Review by Fiona Duncan, published 12th April 2011.
Not long ago I likened the arrival of glamorous Lime Wood in the New Forest to a champagne-fuelled spaceship that had descended among puzzled inhabitants unused to such alien luxury.
Six months or so after Lime Wood opened, the plutocratic Martians sent another, larger, craft, and this time they were spot on with their navigation, landing it in a place – between Ascot and Wentworth – where there was less of the puzzlement, more a communal sigh of relief. The local ladies who lunch donned their furs, summoned their drivers and made a beeline for the spacecraft, parked in 240 picturesque acres, with two polo grounds, equestrian centre and spa.
Where on earth did they hold their book clubs before? How could Cheryl Cole have picked the finalists for The X-factor anywhere else – she stayed during filming in the three-bedroom, Grade II listed Dower House with her retinue?
But now I'm sounding chippy. It may be helpful to be a member of a boy band or the owner of a small Arab state to stay here, but the look of it, I can assure you, should appeal to all, for it is calming, sophisticated and in perfectly good taste, with hardly a whiff of glitz for the sake of glitz.
Coworth Park is also very green, its innovative environment-friendly credentials hidden behind a smoothly stylish yet welcoming interior and heralded by a vast and spectacular wild flower meadow. The country outpost of the Dorchester, it has been created from the shell of a Georgian mansion on an equestrian estate founded by the Earl of Derby a century ago.
I'm not partial to the work of interior designers Fox Linton in The Grove and the Athenaeum, but at Coworth both public rooms and bedrooms, whether in the mansion itself or in the converted stables and cottages, work in harmony with the architecture and the oasis-like surroundings (manicured polo fields, thick woods, lime tree grove, rose garden, towering Wellingtonias).
The food is a match: the cooking of John Campbell manages to be both feather light and complex. A dessert of "liquorice, carrot, coriander" sounded unpromising but tasted quite wonderful.
Campbell oversees all the food – breakfasts are peerless – including that served in The Barn, where a more down-to-earth breed of Berkshire lunching lady can be found tucking into the best fish and chips or cottage pie. The commitment of Campbell, as grounded and cerebral a chef as you will find, is key to the Coworth enterprise.
So: Coworth may be filled with (very rich) Martians but it's pretty heavenly nonetheless. Mike, the doorman, a "real" local who has lived for years down the road, sets a witty, informal tone, much more so than the coy, aren't-we-a-laugh notices ("counting sheep: do not disturb").
The curving, half-hidden spa has to be the most sybaritic outside the Seychelles; children are welcome and royally entertained; and you can watch or learn to play polo or take riding and dressage lessons with a champion. It's all beautifully done, down to the charmingly furnished corridors, and very spoiling. All you need, in order to stay is to marry a sheikh, win the lottery or get on to The X-factor.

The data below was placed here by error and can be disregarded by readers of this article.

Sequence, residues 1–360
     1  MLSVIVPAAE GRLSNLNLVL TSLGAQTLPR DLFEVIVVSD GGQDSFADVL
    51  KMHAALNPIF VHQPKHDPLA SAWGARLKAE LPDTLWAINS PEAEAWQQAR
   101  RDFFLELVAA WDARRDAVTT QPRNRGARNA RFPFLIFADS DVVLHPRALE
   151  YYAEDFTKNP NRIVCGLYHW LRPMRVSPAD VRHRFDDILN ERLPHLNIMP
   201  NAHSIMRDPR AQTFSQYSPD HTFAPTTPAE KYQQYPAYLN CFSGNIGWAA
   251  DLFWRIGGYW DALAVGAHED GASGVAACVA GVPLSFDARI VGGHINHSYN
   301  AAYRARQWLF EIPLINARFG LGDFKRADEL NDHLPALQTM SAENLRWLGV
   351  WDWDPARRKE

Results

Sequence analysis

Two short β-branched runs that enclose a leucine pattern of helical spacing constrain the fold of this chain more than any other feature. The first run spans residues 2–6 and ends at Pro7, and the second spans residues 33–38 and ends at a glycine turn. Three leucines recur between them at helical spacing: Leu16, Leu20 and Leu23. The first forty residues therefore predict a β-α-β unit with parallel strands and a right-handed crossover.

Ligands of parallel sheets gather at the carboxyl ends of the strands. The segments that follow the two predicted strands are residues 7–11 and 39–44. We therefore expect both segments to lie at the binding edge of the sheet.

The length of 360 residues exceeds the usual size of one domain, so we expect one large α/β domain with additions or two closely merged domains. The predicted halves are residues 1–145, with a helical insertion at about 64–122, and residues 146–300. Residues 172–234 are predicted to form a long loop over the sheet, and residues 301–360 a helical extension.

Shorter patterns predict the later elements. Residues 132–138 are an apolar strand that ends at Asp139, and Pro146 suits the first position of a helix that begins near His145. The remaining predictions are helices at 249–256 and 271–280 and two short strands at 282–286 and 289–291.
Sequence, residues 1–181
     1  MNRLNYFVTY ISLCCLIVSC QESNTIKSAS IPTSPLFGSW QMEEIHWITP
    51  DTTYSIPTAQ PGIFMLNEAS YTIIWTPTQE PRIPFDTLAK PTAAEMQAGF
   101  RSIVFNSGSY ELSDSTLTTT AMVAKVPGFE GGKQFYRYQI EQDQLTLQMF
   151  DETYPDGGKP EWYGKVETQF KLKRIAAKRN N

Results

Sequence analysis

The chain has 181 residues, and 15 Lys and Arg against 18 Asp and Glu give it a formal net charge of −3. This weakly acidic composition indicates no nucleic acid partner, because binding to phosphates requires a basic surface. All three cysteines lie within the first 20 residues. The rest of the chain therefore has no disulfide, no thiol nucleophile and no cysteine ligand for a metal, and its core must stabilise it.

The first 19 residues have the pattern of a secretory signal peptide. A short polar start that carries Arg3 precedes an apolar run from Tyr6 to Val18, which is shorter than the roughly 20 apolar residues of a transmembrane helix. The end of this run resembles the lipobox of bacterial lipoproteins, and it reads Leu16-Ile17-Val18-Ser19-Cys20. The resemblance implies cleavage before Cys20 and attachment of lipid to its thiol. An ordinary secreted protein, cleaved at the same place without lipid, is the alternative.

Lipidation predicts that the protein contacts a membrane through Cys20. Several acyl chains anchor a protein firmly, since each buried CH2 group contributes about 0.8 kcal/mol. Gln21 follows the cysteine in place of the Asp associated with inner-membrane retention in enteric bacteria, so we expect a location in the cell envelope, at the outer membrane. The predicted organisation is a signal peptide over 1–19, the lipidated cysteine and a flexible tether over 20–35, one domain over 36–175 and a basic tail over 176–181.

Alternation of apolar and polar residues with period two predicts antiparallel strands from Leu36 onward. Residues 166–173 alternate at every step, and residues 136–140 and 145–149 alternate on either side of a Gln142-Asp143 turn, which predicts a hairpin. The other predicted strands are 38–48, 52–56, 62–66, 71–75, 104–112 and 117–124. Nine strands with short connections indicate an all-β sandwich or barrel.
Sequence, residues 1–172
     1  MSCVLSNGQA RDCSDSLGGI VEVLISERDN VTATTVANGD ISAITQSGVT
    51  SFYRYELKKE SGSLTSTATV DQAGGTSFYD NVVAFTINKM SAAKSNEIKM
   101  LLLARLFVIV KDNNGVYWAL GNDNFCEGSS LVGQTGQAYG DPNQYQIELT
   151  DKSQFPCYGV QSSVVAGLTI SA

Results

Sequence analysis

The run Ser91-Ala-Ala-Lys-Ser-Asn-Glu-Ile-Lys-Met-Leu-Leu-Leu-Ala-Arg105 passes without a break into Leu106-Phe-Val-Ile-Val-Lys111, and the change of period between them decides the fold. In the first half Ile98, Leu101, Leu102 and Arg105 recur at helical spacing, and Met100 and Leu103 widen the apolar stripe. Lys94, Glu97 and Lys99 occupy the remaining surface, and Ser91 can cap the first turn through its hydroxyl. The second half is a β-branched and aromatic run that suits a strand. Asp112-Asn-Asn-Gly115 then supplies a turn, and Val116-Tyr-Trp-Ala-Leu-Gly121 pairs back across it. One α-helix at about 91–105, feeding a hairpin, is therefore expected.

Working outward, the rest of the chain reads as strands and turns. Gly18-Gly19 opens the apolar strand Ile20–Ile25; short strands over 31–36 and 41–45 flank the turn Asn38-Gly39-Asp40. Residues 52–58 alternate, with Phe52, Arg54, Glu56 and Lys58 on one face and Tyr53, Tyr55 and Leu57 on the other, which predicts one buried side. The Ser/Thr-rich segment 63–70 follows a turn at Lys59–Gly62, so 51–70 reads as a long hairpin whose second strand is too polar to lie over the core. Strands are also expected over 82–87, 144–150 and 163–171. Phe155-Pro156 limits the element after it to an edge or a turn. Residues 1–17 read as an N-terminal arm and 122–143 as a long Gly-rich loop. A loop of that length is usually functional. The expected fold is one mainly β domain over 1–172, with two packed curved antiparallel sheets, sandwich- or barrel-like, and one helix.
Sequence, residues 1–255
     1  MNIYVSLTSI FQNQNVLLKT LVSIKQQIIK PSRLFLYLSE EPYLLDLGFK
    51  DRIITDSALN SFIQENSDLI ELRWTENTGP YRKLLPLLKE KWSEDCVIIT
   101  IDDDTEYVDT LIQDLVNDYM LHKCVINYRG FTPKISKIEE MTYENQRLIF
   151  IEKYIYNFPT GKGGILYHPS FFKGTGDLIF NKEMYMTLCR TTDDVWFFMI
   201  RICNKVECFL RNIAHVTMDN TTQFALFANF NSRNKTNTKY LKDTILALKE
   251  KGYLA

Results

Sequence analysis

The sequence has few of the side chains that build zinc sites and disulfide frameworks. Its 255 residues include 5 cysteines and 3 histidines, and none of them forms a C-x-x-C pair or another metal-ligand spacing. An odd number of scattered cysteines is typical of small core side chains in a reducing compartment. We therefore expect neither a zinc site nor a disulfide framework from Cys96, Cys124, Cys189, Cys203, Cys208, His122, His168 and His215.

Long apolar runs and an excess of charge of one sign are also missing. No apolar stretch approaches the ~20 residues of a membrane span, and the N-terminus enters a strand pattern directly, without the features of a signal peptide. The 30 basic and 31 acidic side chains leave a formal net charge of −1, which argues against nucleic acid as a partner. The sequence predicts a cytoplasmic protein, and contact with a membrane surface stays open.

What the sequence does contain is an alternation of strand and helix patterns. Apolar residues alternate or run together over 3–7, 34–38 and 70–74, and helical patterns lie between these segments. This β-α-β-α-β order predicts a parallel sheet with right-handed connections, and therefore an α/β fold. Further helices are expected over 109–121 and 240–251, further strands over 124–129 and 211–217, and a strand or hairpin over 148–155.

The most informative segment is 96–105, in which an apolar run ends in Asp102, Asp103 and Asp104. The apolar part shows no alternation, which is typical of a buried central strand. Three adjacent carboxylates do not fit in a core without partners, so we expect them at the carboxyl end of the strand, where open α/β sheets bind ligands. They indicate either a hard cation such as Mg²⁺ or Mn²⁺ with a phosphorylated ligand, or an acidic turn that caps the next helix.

- Blacknest Road, Ascot (01344 876600; www.coworthpark.com). Doubles from £235 per night, including breakfast. Adapted rooms for guests with disabilities.
It would be foolish not to use the facilities available at the hotel, to begin with. Polo matches are played in season, often including Princes' William and Harry. At the equestrian centre, run by British team champion Laura Richardson, you can (if you are already competent) take lessons in dressage, plus normal riding lessons and hacking out around the estate. Polo lessons can also be arranged.
For golfers, there's the distinct perk of being allowed to tee off at Wentworth Golf Club without having to be a member.
There are mapped walks and a jogging track on the estate.
And Coworth is perfectly placed for Ascot races.
BEYOND THE ESTATE
Good pubs include The Belvedere Arms, within walking distance, and with good food (London Road, Sunninghill; 01344 870931;www.thebelvederearms.co.uk), and the The Thatch Tavern (Cheapside, Ascot; 01344 620874; www.thethatchedtavern.co.uk) on the fringe of Windsor Great Park: it is old and beamed, and serves traditional English food.
ETON AND WINDSOR
Try the Two Brewers (34 Park Street; 01753 855426;www.twobrewerswindsor.co.uk) if you are in Windsor: it's quintessentially English and one of the town's oldest pubs. Eton, with its tailcoated boys, its antique shops and its pretty High Street and College buildings, is very close to the hotel. Eat at Gilbey's in the main street (82-83 High Street; 01753 854921; www.gilbeygroup.com).